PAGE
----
She shakes her head.

Not as many buffalo pass through this arid place, and the wagon trains ahead have gathered up the easy pickings. “We might find more over there,” I say, pointing down a slope.

“How do you know?”

It’s the first thing you learn about hunting, how to spot a watering place. “That dry creek leads toward water, at least some of the year. They’re likely to gather there and do their business.”

She calls to the children and indicates that they should head toward the creek.

“Here, let me carry that,” I say.

“No!” she snaps. “I can do it.”

“I didn’t mean—”

“You have a horse, you ride wherever you want, you shoot things with your gun, you go out in the night and find lost children and jump under wagons to save little girls.” Her face is fierce, her blue eyes bright.

“Well, I did. I don’t know that Mr. Joyner will let—”

It’s like talking to the wind, because her words just keep coming. “I’m always watching little ones or helping Mutti cook or washing clothes. Lee, I have washed so many clothes I have lost track. I might be the only person who is glad to be going into the desert. No water means no washing. Maybe my hands will heal a little.”

“Washing is important too.”

She shrugs. “But not very heroic. And not much fun.” Ahead of us, Doreen takes a tumble, then she bounces back to her feet, laughing. Gazing at her sister, Therese adds, “I miss fun.”

“Well!” I put an arm through hers, and we continue down the slope, our elbows joined. “When we get to California, I’ll teach you everything I know about the fun, fun job of panning for gold. Squatting for hours on end is really fun.”

She nods solemnly. “I’m sure getting your skirts soaked to the knees is fun.”

“Oh, yes. And all the mud and gravel getting lodged under your nails? No church social was so much fun.”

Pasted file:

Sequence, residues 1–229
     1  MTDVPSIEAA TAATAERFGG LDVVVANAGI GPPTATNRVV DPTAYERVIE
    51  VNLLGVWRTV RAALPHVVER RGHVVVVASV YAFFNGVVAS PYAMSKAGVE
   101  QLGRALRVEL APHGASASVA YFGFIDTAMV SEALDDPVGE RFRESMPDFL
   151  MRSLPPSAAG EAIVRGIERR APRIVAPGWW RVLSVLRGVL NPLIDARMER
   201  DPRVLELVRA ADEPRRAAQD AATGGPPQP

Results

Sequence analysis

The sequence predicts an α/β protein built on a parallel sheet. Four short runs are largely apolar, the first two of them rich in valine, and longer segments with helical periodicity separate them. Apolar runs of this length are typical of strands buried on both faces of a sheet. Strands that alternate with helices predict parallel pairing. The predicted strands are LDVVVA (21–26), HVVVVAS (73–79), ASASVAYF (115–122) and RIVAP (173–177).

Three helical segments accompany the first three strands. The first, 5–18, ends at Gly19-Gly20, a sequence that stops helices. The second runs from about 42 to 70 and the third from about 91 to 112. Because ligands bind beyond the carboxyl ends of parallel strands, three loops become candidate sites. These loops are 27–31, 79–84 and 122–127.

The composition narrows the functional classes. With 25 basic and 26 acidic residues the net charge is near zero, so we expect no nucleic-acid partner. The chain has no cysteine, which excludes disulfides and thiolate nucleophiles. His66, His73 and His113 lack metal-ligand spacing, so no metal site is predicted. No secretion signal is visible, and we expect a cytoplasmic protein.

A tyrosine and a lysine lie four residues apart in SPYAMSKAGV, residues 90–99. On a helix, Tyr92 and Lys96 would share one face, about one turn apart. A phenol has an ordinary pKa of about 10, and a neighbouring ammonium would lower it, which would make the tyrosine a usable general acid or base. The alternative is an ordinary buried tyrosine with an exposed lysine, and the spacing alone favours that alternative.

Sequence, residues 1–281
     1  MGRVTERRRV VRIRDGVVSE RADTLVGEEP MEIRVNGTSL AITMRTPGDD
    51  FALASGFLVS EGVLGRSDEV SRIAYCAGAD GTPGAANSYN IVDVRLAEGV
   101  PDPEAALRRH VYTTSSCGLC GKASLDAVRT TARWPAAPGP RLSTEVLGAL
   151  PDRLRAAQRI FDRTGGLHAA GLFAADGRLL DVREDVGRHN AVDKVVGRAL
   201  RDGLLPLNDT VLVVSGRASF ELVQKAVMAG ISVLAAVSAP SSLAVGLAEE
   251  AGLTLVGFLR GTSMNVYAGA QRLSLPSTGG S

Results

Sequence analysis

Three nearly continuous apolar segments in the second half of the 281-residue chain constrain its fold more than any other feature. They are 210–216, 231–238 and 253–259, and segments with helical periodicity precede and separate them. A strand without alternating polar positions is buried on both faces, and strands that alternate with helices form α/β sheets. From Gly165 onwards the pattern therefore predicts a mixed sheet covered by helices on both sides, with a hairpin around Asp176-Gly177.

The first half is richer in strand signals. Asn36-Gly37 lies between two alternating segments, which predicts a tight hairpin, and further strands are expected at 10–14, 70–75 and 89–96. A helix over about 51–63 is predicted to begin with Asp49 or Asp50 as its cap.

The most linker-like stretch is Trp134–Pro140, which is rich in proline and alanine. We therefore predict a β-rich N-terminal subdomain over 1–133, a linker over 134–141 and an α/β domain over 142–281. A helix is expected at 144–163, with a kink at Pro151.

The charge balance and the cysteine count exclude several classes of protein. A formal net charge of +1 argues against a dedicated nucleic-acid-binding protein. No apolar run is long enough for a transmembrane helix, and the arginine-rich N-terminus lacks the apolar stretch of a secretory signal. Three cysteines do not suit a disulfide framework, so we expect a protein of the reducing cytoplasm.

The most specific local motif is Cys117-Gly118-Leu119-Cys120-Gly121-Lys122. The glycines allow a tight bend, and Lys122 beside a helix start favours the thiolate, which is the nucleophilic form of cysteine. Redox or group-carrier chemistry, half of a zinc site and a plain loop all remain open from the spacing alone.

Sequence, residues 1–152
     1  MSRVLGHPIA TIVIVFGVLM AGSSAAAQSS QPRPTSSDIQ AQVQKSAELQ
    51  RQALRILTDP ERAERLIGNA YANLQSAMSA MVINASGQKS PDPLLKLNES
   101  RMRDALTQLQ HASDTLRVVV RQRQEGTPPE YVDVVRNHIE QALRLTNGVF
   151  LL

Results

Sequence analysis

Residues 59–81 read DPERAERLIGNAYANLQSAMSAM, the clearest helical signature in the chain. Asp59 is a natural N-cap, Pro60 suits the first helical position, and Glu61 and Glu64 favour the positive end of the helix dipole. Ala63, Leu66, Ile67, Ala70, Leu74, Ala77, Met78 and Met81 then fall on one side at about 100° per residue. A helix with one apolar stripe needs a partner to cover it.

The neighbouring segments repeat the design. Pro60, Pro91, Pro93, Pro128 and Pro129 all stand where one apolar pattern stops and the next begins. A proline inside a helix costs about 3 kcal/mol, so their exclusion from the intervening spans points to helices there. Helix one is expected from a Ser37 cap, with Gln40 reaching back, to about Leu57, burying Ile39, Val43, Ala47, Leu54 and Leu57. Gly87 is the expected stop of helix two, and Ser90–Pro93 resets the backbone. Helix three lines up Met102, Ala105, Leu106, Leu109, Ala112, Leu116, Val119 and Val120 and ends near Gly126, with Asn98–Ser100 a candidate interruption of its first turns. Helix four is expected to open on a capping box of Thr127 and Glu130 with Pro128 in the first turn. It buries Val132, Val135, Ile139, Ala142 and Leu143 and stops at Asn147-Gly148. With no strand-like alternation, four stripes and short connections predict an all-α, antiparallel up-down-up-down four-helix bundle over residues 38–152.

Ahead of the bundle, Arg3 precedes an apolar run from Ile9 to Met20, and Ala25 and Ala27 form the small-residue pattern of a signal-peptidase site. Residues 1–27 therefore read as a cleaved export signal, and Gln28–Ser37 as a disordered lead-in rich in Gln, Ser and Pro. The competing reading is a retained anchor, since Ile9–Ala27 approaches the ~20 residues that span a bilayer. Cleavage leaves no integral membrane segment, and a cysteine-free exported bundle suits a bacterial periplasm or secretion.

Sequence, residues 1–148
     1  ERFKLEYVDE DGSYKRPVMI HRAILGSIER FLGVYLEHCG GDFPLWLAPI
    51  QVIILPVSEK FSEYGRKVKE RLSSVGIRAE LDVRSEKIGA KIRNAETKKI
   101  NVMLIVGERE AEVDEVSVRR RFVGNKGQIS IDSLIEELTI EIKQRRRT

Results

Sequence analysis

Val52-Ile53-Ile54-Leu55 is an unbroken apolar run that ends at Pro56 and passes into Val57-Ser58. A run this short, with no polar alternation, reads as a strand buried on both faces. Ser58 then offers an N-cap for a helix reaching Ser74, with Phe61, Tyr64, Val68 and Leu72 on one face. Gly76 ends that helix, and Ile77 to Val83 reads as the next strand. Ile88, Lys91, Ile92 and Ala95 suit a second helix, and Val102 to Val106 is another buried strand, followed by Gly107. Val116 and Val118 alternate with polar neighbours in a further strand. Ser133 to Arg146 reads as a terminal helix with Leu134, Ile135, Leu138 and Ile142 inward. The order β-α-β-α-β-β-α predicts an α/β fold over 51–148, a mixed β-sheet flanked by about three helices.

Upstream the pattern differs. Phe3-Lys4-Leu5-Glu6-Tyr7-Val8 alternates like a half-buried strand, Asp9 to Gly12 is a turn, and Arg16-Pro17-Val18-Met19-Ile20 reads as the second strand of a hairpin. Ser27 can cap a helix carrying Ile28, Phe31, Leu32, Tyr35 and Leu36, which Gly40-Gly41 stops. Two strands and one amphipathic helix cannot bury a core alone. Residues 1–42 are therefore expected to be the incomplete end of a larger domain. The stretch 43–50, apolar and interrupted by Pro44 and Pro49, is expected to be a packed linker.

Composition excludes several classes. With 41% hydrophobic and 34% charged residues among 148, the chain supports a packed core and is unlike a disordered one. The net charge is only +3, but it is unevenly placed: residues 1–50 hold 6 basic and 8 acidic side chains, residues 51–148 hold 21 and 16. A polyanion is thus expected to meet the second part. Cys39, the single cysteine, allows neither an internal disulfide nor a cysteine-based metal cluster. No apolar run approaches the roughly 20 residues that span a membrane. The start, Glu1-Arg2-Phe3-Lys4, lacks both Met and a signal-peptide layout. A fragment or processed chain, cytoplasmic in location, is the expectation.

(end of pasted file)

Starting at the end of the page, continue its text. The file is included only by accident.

She is silent a long moment, watching her siblings disappear down the slope. Then: “Lee? I’m glad you turned out to be a girl.”

From the base of the South Pass, a twisty road leads up the Rocky Mountains. It’s a well-earned name, because the steep slopes are covered in giant rocks split open and turned on edge every which way, like God started a quarry and got distracted. Major Craven calls it the backbone of America. I tell him it looks more like a backbone breaker.

Our oxen and mules strain to pull the wagons uphill, which turns out to be the easy part. The first downhill slope is so steep that we unhitch the animals and lower the wagons on ropes. We’re lucky to make four miles all day.

We repeat the process the next day and the next. The Missouri men lead the way each morning—first out, first up the slope, first down into camp. Their mules move so much faster than our oxen, and I worry that Jefferson was right, that they’ll leave us behind someday.

I tell myself that I’m glad they’re so far ahead. I hate the way they stare at me now, especially that Jonas Waters.

On the fifth day into the Rockies, the Missouri men are well out of sight by the time we top the first rise. The downward slope is the steepest yet, and mostly gravel, interspersed with dry brush and stunted pines. Peony balks at the path, and I don’t blame her. I don’t know how we’ll get our wagons down safely.

Mr. Joyner and the men all confer, deciding on wagon order. I stand off to the side with the women, too far away to hear what’s being said. I kick at pebbles with the toe of my boot, glaring at them as they skitter away.